Whether my grandmother was a little mad as well, I was too young to know. She either had a great influence on my father or their temperaments were similar. Who can tell whether certain temperaments are ever influenced by nurture? They were both violent and wilful. Once, when she caught me burning bits of paper in the open grate of the small range to watch them blaze in the fascination children have with flame, she caught and thrust my finger between the glowing bars. She disregarded both my cries and my mother’s horrified protestations. “You have the child half ruined already. There’s only one way he’ll learn.” Neither she nor my father had any sense of humour, and they hardly ever smiled or laughed, and they looked on any manifestation of enjoyment in others as a symptom of irresponsibility. They also saw it as diverting attention from themselves. The difference between them was great as well. My father was intelligent and could be charming, even gallant, when he wanted. Though he was as vain and proud as she, he was never boastful: “Nobody blows themselves up other than fools. If you need praise, get others to do it for you.”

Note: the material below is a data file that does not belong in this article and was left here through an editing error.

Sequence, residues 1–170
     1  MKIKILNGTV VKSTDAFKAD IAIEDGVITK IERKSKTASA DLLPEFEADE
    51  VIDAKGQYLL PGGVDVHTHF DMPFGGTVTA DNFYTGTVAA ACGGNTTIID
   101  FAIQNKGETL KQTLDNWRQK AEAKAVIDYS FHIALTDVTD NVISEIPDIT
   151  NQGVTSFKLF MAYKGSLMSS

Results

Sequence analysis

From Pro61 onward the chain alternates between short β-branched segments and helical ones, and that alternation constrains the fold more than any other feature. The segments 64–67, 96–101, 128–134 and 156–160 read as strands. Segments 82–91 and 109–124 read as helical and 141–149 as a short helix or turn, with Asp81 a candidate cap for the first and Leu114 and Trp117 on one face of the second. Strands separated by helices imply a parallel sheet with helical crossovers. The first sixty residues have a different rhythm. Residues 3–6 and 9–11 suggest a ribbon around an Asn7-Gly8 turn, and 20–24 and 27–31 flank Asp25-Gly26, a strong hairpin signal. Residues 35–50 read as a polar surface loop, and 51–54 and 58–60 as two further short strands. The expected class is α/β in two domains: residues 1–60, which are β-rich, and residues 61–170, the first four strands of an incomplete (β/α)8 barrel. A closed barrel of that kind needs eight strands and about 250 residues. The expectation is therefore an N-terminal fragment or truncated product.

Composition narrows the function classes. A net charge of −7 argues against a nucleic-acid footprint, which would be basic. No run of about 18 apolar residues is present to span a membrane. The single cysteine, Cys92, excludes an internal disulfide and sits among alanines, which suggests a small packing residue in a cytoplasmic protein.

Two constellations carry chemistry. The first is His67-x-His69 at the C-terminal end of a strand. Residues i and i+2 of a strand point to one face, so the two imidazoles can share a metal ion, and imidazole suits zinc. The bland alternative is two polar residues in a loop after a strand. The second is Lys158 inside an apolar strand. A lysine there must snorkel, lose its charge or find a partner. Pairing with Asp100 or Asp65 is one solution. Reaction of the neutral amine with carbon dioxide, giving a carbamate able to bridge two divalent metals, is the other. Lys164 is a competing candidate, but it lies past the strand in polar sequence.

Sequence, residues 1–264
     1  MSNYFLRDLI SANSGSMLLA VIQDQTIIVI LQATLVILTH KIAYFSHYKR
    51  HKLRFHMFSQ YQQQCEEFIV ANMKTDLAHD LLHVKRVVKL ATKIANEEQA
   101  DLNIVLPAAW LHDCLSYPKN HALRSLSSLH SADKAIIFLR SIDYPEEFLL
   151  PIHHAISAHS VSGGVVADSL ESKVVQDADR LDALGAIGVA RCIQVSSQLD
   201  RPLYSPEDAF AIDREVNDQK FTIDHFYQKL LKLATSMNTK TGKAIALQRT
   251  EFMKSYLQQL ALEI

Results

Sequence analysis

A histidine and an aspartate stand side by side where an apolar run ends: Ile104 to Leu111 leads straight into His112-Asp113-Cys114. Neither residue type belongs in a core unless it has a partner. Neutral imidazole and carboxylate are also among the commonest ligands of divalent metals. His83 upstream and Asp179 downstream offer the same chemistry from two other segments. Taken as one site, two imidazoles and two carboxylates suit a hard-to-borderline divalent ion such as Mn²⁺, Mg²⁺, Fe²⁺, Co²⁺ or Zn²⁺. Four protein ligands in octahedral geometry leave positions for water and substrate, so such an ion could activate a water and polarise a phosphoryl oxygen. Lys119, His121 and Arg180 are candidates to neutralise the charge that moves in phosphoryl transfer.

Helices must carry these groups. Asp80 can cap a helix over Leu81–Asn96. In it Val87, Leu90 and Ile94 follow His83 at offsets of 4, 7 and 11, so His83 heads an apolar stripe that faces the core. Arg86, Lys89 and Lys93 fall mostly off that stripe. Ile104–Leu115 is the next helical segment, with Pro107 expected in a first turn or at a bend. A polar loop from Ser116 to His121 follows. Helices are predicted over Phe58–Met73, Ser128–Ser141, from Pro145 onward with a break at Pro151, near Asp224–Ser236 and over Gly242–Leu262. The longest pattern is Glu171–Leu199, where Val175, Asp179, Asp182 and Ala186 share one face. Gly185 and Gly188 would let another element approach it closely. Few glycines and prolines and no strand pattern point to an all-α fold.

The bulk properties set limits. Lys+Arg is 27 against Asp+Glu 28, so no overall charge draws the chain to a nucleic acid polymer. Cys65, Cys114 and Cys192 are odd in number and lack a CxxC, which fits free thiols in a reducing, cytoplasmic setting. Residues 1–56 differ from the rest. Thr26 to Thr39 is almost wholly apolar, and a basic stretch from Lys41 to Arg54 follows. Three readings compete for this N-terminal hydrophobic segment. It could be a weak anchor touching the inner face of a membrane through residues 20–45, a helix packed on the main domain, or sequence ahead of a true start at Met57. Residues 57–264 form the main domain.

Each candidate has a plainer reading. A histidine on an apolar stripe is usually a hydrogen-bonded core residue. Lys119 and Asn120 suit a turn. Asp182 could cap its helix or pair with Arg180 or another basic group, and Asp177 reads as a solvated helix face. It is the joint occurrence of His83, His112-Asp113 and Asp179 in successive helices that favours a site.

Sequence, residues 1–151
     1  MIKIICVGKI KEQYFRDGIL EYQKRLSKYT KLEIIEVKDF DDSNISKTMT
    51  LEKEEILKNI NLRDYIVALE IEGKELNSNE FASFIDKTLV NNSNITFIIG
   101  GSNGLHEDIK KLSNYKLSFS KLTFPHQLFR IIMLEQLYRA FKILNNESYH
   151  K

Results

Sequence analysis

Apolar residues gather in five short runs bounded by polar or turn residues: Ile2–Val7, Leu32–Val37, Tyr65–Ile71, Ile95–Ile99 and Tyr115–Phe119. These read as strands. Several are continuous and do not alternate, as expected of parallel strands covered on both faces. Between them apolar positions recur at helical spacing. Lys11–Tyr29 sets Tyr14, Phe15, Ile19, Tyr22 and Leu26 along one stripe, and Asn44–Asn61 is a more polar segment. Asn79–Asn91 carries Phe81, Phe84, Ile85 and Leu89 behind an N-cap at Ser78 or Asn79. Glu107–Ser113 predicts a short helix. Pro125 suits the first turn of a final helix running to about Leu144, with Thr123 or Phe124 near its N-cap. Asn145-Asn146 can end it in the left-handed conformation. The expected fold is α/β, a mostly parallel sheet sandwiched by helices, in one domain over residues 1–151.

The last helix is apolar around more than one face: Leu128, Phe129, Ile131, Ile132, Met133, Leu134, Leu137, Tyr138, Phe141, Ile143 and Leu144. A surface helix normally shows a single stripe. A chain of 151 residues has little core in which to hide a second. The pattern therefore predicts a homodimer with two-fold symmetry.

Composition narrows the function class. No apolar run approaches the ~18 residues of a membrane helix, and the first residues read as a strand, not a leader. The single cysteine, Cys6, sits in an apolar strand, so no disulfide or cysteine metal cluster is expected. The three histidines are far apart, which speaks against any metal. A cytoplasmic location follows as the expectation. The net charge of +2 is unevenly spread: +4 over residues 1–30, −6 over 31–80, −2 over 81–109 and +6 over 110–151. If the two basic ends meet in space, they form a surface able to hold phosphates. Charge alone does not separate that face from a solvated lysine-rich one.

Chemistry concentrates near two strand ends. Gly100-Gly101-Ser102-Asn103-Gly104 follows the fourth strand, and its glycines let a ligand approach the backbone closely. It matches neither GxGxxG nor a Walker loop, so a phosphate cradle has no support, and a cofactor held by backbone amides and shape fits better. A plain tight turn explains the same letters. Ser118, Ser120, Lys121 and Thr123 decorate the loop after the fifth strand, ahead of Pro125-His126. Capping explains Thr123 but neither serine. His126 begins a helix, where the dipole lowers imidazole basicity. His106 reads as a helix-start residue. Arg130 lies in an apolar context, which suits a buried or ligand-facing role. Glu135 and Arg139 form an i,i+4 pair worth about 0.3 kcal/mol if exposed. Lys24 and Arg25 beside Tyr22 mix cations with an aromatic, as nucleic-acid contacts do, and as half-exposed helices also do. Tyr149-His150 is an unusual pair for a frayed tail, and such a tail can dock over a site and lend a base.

I was a single star until the twins arrived, and I became insanely jealous of the natural transfer of attention. On dry days, when my mother was at school, my grandmother often left the twins out in the sun between the house and the forge, high on the sloping pass of clinkers that ran to the open gate on the road. I was forever around the forge, and she would warn me to mind them before going back into the house, having locked the brake on their big pram. I must have been planning how to get them out of my life for some time. I learned to unlock the brake, and one day, after careful checking that nobody was watching either from the forge or the house or the road, I pushed the pram down the slope. The pass wasn’t steep and the wheels would have bumped and slowed on the clinkers, but before it came to a stop the pram wheeled off the pass and overturned. The twins weren’t hurt, but all this time my grandmother had been observing me from behind a curtain, and made not the slightest attempt—she had only to tap the window—to protect the twins, though she was out of the house and able to seize me as I was watching the pram overturn in terrified dismay.From the Hardcover edition.
Excerpted from All Will Be Well by John McGahern. Copyright © 2006 by John McGahern. Excerpted by permission of Vintage, a division of Random House LLC. All rights reserved. No part of this excerpt may be reproduced or reprinted without permission in writing from the publisher.